“Disney Accused by Catholic Cleric of Corrupting Children’s Minds,” was headline from The UK Telegraph that obviously caught my eye and curiosity. I grew up with all the Disney cartoon movies…and save for Snow White shacking up with a lot of dwarfs with funny names – but no funny business – I can’t think of anything corrupting about that Disney era.
In fact, moral stories were always at the center: good guys and gals were ultimately saved and rewarded; and bad guys got their comeuppance in spades. What possible problem could Christopher Jamison, the Abbot of Worth in West Sussex, England have with Disney?
He argues that the Disney Corporation pretends to provide stories with a moral message, but has actually helped to create a more materialistic culture which is in danger of losing its soul because of growing consumerism and the decline of religion.
Whoooo. He’s got something there. These movies are wolves in grandma’s clothing? They present a dichotomy of good and bad and then market the heck out of it and make oodles of money seducing kids into buying all kinds of junk in the image of the cute – or nasty – images on the screen.
Father Jamison targets the behavior of Disney in particular, which he says is “a classic example” of how consumerism is being sold as an alternative to finding happiness in traditional morality. While he acknowledges that Disney stories carry messages showing good triumphing over evil (i.e., moral battles) he argues that this is part of a ploy to persuade people that they should buy Disney products in order to be a good and happy family and make them greedy for the merchandise that goes with them.
While Father Jamison makes an obviously good point…it is a matter of the free market. I don’t begrudge Disney trying to make a buck selling stuffed animals and t-shirts based upon their story characters. I do begrudge the weakness of parents saying, “Yes, dear,” each time their child yells and demands something. How ’bout instead of giving in so readily, you tell them to save up their money from putting out the trash or collecting leaves so they can buy their heart’s desire for “101 Dalmatians” plastic or stuffed dogs? The children will learn patience, and the art of saving toward a goal – actually gaining pride in earning what they desire. In fact, after they work that hard and that long, that toy may not look as nearly as interesting a use of their hard-earned change. This way, your children learn self-discipline, self-control and a real appreciation for the value of “junk,” so they can make an informed decision as to how important it really is to them.TrackBack URI
When I was a kid, I was desperate to become a Mouseketeer – wearing those mouse ears, dancing, singing, and acting in one of the weekly Disney specials. Alas, telling them of my dream in a postcard sent to them at the age of 12 got no response.
At that time in Disney’s history, children’s “things” were innocent and sweet. No more. We are now in the era of Britney Spears, Lindsay Lohan, Vanessa Hudgens and now, Miley Cyrus posing for Vanity Fair topless, beneath a draped sheet, and sporting a seductive look.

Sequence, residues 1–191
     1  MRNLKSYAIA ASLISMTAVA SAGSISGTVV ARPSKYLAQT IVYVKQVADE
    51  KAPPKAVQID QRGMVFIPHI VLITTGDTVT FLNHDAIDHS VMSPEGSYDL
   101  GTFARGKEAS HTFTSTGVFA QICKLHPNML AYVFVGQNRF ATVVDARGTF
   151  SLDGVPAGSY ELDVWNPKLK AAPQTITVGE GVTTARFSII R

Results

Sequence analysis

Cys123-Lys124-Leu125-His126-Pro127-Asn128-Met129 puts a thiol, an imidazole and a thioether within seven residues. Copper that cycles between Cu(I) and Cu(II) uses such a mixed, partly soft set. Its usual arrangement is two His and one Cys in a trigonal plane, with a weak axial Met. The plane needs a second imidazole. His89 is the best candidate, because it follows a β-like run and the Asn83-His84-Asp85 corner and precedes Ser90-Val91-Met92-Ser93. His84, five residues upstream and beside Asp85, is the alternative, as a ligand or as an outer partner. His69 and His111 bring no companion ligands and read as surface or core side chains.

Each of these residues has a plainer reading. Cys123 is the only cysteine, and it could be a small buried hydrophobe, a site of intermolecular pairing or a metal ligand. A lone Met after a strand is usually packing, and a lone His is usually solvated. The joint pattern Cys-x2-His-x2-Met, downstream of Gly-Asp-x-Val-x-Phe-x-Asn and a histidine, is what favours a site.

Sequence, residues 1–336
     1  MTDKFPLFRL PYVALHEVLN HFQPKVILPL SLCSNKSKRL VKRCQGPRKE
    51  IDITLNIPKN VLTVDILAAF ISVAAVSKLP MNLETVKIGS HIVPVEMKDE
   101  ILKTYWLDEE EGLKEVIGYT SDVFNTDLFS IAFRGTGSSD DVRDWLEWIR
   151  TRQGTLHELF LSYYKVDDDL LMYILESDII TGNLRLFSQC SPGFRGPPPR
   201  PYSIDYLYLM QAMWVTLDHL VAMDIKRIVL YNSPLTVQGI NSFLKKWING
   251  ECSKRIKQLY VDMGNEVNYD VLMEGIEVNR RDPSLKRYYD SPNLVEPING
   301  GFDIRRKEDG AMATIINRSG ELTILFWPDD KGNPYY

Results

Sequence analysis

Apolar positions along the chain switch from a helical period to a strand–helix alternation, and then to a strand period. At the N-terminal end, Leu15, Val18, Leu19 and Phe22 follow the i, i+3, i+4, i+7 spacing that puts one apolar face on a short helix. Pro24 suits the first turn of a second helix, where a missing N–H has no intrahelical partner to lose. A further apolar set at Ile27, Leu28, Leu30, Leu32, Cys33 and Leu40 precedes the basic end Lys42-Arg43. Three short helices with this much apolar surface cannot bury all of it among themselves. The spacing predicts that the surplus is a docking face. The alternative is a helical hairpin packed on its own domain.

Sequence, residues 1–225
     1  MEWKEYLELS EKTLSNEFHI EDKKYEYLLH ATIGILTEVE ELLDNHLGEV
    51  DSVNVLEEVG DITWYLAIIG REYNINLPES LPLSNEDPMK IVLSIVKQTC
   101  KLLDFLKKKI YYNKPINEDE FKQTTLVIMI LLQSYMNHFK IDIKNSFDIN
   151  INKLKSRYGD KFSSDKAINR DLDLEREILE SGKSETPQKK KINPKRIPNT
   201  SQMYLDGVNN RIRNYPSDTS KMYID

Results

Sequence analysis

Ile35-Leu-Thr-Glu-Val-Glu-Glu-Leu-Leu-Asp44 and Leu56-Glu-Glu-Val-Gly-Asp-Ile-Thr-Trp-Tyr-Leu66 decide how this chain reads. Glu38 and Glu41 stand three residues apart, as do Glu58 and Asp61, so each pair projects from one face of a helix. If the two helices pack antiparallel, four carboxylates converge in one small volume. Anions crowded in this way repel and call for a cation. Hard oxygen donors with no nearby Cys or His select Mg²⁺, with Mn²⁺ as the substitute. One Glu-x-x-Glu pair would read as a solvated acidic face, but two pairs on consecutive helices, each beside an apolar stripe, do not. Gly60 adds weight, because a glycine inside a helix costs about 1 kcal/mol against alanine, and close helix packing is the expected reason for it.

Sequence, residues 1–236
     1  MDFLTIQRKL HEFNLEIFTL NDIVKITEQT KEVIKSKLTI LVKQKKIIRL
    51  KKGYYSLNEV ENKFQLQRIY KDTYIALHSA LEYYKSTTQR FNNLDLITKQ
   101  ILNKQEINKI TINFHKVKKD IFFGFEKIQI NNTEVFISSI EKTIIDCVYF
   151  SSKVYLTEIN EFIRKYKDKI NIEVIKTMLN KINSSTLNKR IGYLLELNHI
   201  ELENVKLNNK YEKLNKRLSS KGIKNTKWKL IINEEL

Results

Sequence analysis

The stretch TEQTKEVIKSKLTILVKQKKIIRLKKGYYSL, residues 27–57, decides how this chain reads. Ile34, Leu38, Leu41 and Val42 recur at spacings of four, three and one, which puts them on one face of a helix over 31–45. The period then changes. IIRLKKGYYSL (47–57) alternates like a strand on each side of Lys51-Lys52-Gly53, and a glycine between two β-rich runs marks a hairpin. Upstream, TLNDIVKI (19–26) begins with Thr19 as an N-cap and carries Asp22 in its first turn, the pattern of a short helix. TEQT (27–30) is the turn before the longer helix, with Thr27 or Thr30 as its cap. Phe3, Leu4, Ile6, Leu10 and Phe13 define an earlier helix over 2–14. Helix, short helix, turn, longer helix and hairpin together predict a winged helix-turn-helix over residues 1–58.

It’s no surprise that little girls and boys look up to young celebrities with enthusiasm and yearning, and it’s obvious that these celebrities become instant role-models as well. My Disney role-models were talented and squeaky clean, because that was Mr. Disney’s vision. That was a good thing – or at least most families with children believed so.
Most parents of 15-year-olds are pretty upset about this inappropriate display of an adolescent in Vanity Fair, where Cyrus is exposing her body in a vulgar way and giving their own children the wrong idea of feminine modesty and self-respect.
Vanity Fair defends this travesty as beautiful, natural, and artistic. How ’bout saying the truth: they did this to sell magazines, and the best way to sell magazines is to sensationally exploit somebody or something. When it comes to exploiting children and vulgarizing their innocence, somebody ought to pull the plug on the photographer’s lights.
Apparently, former teen star Hilary Duff professed (according to Fox News) that she would never have made the mistake that Miley did by posing topless beneath a sheet. When I first heard of Duff’s statement, I got excited that someone of her celebrity would take on the elites of Manhattan and Hollywood. Well, that dimmed immediately upon reading her entire statement, which included the following:
“Everyone goes through things and takes their own path; who am I to judge decisions that she made? People are pushing you to do something, and if you want to do it, that’s your choice. It’s not what I would choose to do, but if she did, then that’s fine. That’s her choice.”
In 2008, I am shocked to read the same lame, amoral, immature and gutless rhetoric of the 1960′s. Anything one chooses to do is fine simply because it is their choice? So, there is not right and wrong? There are no obligations to standards for the sake of others and the community? All things we choose to do have value simply because we choose to them?
Take that philosophy to your standard innocent and naïve youth, and what do you get? You get the blasé determination that the best thing for little girls is an injection for a sexually transmitted disease (venereal warts) almost as soon as she reaches double digits in age! You also get Planned Parenthood aborting babies for these little girls and not reporting to the police that the fathers are adult men. You get young women so scarred and corrupted by all the “choices” they’ve made, that they can barely imagine, much less trust, the yearning for a safe, committed, happy marriage and family.
That one look of Miley over her shoulder, with her chest barely covered with a sheet is an assault on the innocence of even more young girls…just when we thought they got the idea that becoming another Britney Spears was not such a good thing.TrackBack URI